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Beware of IoBuildDeviceIoControlRequest

Beware of IoBuildDeviceIoControlRequest

Diagnosed yet another crash today that is likely due to the usage of IoBuildDeviceIoControlRequest. Long ago I was burned by this API and vowed to never use it again, but somehow I neglected to share this with everyone else. Sorry about that!

The trouble with this API is that it’s an attractive nuisance. You need to send an IOCTL synchronously and this API looks like it totally does the trick. So, you end up with something like this and take a nap in the afternoon with all the time you saved from having to build the IRP yourself:

Then you add some code to actually call the function and huck the IOCTL at the target device:

The code sort of looks broken because you allocate the IRP but never free it. However, that’s the magic (and trouble) with this API. It is slightly unusual in that it allocates and initializes a threaded IRP. This means the resulting IRP is queued to the current thread and the I/O Manager is responsible for freeing it automatically when the IRP is complete. You can verify that the IRP is queued by checking out the !thread output after the successful call to IoBuildDeviceIoControlRequest:

This IRP will be freed by the I/O Manager by the use of a Special Kernel APC (SKAPC) for I/O Completion. The I/O Manager will queue the SKAPC to the requesting thread when the IRP is complete, which will result in the requesting thread calling the function IopCompleteRequest. This callback will do all of the final processing to complete the IRP, including dequeueing the IRP from the thread, freeing data buffers, setting the event, etc.

The SKAPC can only run when KeAreAllApcsDisabled returns FALSE, which means the thread is running at IRQL PASSIVE_LEVEL and is not in a guarded region (KeEnterGuardedRegion). If you are at IRQL >= APC_EVEL or are in a guarded region, the APC will sit in the APC queue and wait to be delivered.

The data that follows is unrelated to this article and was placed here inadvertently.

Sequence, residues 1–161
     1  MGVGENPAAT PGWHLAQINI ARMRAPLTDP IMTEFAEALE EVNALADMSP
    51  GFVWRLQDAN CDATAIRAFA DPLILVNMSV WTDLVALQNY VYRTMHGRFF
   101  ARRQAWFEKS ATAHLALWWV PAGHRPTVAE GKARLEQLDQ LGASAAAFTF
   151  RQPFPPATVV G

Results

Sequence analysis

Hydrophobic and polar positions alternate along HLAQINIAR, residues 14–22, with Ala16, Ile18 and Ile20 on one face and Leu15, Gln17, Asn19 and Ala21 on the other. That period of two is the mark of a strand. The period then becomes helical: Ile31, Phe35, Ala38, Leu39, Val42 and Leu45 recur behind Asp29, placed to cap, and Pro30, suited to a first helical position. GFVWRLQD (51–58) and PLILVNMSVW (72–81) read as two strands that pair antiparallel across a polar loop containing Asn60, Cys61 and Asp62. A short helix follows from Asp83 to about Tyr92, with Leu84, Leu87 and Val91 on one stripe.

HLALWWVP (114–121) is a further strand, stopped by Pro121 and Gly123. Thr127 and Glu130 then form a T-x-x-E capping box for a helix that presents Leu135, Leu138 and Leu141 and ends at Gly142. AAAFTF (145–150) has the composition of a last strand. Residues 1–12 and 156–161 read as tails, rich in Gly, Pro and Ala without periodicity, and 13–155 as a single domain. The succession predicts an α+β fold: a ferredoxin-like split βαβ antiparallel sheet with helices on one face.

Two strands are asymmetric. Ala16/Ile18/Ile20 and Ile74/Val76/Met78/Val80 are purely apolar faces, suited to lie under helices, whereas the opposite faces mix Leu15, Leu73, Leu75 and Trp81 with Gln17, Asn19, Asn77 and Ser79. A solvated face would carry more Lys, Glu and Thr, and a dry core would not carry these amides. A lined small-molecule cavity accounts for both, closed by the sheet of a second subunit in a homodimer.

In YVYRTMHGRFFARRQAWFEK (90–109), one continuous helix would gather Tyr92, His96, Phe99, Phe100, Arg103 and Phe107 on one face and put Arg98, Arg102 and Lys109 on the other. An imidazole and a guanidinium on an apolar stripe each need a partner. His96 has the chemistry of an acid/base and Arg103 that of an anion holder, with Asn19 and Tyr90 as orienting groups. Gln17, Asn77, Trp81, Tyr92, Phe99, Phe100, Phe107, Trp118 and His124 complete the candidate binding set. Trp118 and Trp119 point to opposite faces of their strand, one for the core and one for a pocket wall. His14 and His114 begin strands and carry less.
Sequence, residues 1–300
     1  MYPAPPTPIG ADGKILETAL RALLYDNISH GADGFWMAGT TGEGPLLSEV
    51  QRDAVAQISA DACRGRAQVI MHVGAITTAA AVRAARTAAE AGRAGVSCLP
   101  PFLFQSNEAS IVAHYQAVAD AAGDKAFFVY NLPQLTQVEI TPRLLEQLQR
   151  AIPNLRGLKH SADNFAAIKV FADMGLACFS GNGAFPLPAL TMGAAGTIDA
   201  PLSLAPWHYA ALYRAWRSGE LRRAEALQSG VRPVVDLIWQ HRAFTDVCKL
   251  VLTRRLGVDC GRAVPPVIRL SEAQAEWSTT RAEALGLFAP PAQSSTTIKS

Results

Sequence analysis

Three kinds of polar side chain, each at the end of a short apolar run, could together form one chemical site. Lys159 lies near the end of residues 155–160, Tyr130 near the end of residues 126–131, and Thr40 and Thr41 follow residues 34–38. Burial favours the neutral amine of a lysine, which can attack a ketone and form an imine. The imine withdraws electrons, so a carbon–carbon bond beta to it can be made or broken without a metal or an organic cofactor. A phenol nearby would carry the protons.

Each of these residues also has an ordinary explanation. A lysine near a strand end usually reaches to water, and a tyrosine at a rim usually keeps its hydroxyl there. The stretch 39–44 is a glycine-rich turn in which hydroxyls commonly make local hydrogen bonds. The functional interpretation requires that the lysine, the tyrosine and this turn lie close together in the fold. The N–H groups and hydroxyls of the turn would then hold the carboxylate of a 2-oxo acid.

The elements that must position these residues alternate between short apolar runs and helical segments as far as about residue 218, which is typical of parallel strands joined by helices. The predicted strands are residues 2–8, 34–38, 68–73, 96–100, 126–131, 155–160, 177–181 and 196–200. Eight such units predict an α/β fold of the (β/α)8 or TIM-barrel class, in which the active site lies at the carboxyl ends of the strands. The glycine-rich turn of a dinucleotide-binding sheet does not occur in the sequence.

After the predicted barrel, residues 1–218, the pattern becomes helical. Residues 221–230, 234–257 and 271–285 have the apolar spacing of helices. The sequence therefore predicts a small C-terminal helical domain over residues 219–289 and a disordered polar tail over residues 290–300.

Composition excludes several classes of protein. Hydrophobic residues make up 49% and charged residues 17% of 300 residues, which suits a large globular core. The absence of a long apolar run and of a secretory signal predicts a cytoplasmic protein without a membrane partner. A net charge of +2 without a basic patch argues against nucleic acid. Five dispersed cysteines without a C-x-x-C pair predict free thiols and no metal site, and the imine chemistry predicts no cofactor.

Now, here comes the fun part and the trouble with IoBuildDeviceIoControlRequest: imagine that you call SendAnIoctl at IRQL APC_LEVEL. For example, you might wrap the call to SendAnIoctl with an acquire/release of a FAST_MUTEX:

The IoBuildDeviceIoControlRequest then allocates a threaded IRP, which you submit to the lower driver using IoCallDriver. The lower driver completes the IRP with STATUS_SUCCESS, which causes you to not wait on the stack allocated KEVENT. However, because the IRP was threaded, the I/O Manager queued an SKAPC to do the final completion processing on the IRP. Using the !apc command we can see this APC stuck on the queue and waiting for execution:

This APC will not run until we’ve returned to PASSIVE_LEVEL. In our case, we won’t return to PASSIVE_LEVEL until after SendAnIoctl has returned and we’ve had a chance to drop the FAST_MUTEX. Unfortunately, this means that the I/O Manager will do final completion processing on an IRP that contains references to local variables in an unwound stack frame (see event and iosb in the SendAnIoctl code).

This causes all sorts of havoc that is difficult to diagnose because the offending code is already unwound. Here’s the crash from the example I looked at today:

Note how IopCompleteRequest tries to wake up a thread (KiTryUnwaitThread) and then quickly dies. The issue is that it’s trying to set a KEVENT that has been unwound from the stack. Oops!

There are two solutions to this problem:

  1. Make sure you never use this API at APC_LEVEL or in a guarded region. You can validate this assumption by using KeAreAllApcsDisabled
  2. Allocate the IRP yourself using IoAllocateIrp and send it along with a completion routine. This will create a non-threaded IRP which doesn’t have the APC problems. If you still want the synchronous behavior, you’ll need to provide an event to the completion routine that you wait on in your mainline code